In addition to the vagueness of the BRAIN Initiative’s goals, its promise to cure diseases like Alzheimer’s reveals either a misunderstanding of how basic science works, or simply a dangerous exaggeration that will discredit neuroscientists in the public eye. If we fail to find cures in the next decade, will conservatives in Congress conclude that science just doesn’t work?

And while the proposed “mapping” of activity will provide great scientific insight into brain function, it won’t find cures horrible diseases such as Alzheimer’s because those are rooted in molecular and genetic failures rather than in neuronal electrical activity itself. Aberrant activity is a result, not a cause, of molecular and genetic problems; manipulating activity, such as Deep Brain Stimulation for Parkinson’s, is a temporary fix. The Initiativewill likely make the highest impact in cases of mechanical damage to the brain like stroke, where circuit function goes awry because dead neurons don’t make critical computations. In such cases, measuring activity in healthybrains will be enormously helpful to treatments.

Elements most critical to the Initiative’s success will not be those that define it, but those outside of it. The organizers must ensure that funding for BRAIN does not syphon money from existing projects or alternative and independent future proposals. Scientists must have the freedom to pursue their interests without having to follow the government’s vision.

Idolatry in Science

Gary Marcus recently celebrated Noam Chomsky in an essay about the famous linguist’s life and influence on the field of linguistics over the past fifty years. There is no doubt that Chomsky has had tremendous impact on American intellectual life over the years, from work on language to political and philosophical ideas. However, Gary Marcus’s description of Chomsky’s influence on the field and his colleagues is somewhat troubling and unfortunately not unique to Chomsky but prevalent in the sciences. In every scientific sphere, it seems, a handful of individuals have excessive sway; these one-percenters are revered to an extent that their opinions go unquestioned (unchallenged) at best or as dogma, at worst.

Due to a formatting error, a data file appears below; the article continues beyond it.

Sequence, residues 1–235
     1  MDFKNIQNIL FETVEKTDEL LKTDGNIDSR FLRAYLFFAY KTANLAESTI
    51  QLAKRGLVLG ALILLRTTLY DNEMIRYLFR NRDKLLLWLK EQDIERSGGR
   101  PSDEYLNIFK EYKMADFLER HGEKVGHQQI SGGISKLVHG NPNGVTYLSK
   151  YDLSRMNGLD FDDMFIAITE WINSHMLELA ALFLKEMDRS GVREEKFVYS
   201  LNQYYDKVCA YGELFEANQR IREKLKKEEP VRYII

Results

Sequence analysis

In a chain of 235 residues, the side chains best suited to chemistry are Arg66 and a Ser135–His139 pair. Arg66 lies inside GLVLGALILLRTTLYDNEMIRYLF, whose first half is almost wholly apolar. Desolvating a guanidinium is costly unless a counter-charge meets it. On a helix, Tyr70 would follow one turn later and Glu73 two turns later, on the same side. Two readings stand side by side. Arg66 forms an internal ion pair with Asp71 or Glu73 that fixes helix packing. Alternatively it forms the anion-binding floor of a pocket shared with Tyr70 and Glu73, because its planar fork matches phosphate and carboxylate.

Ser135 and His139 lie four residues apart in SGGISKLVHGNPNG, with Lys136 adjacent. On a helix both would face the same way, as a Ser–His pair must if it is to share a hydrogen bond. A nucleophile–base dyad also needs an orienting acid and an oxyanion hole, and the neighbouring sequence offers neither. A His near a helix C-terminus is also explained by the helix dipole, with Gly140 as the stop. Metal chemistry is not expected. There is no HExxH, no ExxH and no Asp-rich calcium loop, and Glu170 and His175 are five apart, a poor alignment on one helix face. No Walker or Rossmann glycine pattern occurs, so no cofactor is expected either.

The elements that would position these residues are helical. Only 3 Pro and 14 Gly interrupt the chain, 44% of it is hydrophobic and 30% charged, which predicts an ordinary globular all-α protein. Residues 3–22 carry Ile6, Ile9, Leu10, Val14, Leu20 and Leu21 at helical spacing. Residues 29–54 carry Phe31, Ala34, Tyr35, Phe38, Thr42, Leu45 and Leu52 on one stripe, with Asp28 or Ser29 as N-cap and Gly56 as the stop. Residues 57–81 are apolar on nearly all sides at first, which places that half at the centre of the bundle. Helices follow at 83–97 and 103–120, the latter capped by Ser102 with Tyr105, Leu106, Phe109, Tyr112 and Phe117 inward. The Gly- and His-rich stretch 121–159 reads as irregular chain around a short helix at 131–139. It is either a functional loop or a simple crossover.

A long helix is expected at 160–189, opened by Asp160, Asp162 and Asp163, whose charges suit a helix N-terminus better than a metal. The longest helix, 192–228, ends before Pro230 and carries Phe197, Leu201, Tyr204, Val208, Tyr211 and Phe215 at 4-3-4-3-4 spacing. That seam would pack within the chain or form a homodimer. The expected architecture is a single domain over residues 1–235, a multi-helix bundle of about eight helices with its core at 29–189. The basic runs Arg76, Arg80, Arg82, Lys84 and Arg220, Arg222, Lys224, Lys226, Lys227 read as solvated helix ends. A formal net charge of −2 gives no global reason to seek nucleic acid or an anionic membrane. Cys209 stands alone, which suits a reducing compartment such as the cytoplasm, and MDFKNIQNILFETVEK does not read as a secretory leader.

As Marcus points out, young linguists have a hard time studying what Chomsky finds uninteresting, the tragedy of which manifests itself in those people either not getting jobs and recognition in the field, or abandoning their interests in favor of Chomsky’s: “A good way for a young linguistics graduate student to make a name is to develop an intriguing idea that Chomsky mentions in one of his footnotes; it’s a riskier move to study something that Chomsky doesn’t find to be important.”

This is also the case in the life sciences, where such idols serve on funding committees and editorial boards of journals, which not only serve as gatekeepers to young investigators’ professional lives, but also have huge influence on the technological and medical progress in Western society.

Growing up (i.e. in college), I had the impression or dream that scientists were in many ways removed from the regular vices that the rest of humanity was suffering from. I mean the need for social status. The typical scientist, in my imagination, was a disheveled person wearing ragged, ripped clothes, sometimes overdue on a shower. Presumably these people are so immersed in their thoughts and experiments that they simply don’t care to follow social customs; they have no need to impress people with fancy designer clothes; they forget to be social and polite not because they’re rude or too cool, but simply because they’re living on another plane, etc. Scientists don’t care to know what Lindsay Lohan did last night because they don’t look up to celebrities in the way that others do.

That was my imagination; the reality is not as cute. As the Chomsky example shows, scientists do have idols and status symbols. The most obviously silly status is what journals one publishes in. Over the years, a handful of journals have accumulated such reverence that even one paper published in them can make a scientist’s career. Publishing in Nature or Science is the equivalent to owning a Porsche or dating a supermodel or [fill in whatever people want for the sole reason that other people want it]. Everyone is guilty. Knowing that this is a problem is not enough; I am still impressed by papers published in such journals and would be ecstatic if my work appeared in those glossy pages. (The counterargument is that top journals publish scientific papers based on their merit, so it only makes sense that those publications should be bellwethers of good science. For this to be true, the editors at those journals would have to be blind to the authors’ and universities’ identities (which they’re not).

As far as idolatry goes, the real victims may be scientific theories that get shut down simply because the Chomskys of science don’t care for them (or have their own counter theories); or young scientists who need to publish and get grants (“the rich get richer”). I wish Dr. Chomsky all the best for his birthday and future, and can only hope for the sake of science that the old maxim attributed to Max Planck does not stay true much longer: Truth never triumphs — its opponents just die out.